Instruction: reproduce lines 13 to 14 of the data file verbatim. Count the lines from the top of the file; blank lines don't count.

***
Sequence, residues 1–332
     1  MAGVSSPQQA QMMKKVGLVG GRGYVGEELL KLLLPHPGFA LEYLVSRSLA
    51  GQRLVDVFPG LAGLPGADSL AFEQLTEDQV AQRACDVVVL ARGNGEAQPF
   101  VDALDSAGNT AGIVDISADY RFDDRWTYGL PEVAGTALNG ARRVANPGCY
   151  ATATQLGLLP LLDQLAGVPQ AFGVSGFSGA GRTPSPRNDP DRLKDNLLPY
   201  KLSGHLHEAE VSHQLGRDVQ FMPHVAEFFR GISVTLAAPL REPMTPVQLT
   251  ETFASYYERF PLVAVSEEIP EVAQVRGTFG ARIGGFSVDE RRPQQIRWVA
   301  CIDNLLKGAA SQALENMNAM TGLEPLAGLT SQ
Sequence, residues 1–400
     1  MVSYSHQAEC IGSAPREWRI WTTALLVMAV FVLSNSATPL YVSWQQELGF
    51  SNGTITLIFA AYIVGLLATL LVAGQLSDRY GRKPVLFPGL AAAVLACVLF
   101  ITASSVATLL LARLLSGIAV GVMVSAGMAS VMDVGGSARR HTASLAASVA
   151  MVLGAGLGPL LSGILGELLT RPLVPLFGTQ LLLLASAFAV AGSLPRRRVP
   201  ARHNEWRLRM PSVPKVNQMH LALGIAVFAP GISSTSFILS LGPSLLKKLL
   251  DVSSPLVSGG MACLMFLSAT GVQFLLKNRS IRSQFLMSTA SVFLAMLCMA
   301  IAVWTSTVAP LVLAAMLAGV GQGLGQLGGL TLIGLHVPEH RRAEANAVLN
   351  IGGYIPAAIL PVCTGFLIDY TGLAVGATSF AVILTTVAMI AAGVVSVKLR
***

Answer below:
   151  MVLGAGLGPL LSGILGELLT RPLVPLFGTQ LLLLASAFAV AGSLPRRRVP
   201  ARHNEWRLRM PSVPKVNQMH LALGIAVFAP GISSTSFILS LGPSLLKKLL